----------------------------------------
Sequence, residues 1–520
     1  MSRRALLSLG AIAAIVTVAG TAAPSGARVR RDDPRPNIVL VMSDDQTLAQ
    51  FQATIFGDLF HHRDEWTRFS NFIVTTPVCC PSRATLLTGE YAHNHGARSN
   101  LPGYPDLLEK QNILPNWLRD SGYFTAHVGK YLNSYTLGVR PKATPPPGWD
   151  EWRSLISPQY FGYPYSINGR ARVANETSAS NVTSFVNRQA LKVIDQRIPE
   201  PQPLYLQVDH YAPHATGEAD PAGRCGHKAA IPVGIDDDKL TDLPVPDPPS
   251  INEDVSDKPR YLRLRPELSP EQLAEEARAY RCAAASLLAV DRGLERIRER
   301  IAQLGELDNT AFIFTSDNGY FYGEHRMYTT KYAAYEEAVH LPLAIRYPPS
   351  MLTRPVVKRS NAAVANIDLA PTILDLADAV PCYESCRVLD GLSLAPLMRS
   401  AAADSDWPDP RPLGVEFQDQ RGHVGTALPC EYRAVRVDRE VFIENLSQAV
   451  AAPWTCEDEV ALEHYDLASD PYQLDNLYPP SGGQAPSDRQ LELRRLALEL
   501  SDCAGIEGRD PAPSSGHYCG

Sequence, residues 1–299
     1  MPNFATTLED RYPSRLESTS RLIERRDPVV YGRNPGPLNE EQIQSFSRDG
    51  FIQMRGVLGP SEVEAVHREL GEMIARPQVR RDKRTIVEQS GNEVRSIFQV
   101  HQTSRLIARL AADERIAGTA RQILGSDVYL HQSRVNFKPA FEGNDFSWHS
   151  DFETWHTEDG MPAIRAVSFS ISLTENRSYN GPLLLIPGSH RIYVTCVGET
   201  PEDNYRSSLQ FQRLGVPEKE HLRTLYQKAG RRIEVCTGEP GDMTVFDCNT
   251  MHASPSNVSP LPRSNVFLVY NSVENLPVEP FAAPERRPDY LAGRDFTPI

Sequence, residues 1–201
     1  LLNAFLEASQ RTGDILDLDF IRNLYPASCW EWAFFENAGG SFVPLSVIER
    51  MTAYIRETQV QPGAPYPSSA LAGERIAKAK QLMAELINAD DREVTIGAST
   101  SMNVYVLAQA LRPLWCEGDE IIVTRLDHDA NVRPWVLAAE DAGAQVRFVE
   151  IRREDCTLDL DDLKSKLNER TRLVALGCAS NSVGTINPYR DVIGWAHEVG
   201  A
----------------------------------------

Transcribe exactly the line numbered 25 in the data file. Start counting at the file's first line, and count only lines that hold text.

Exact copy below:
   201  A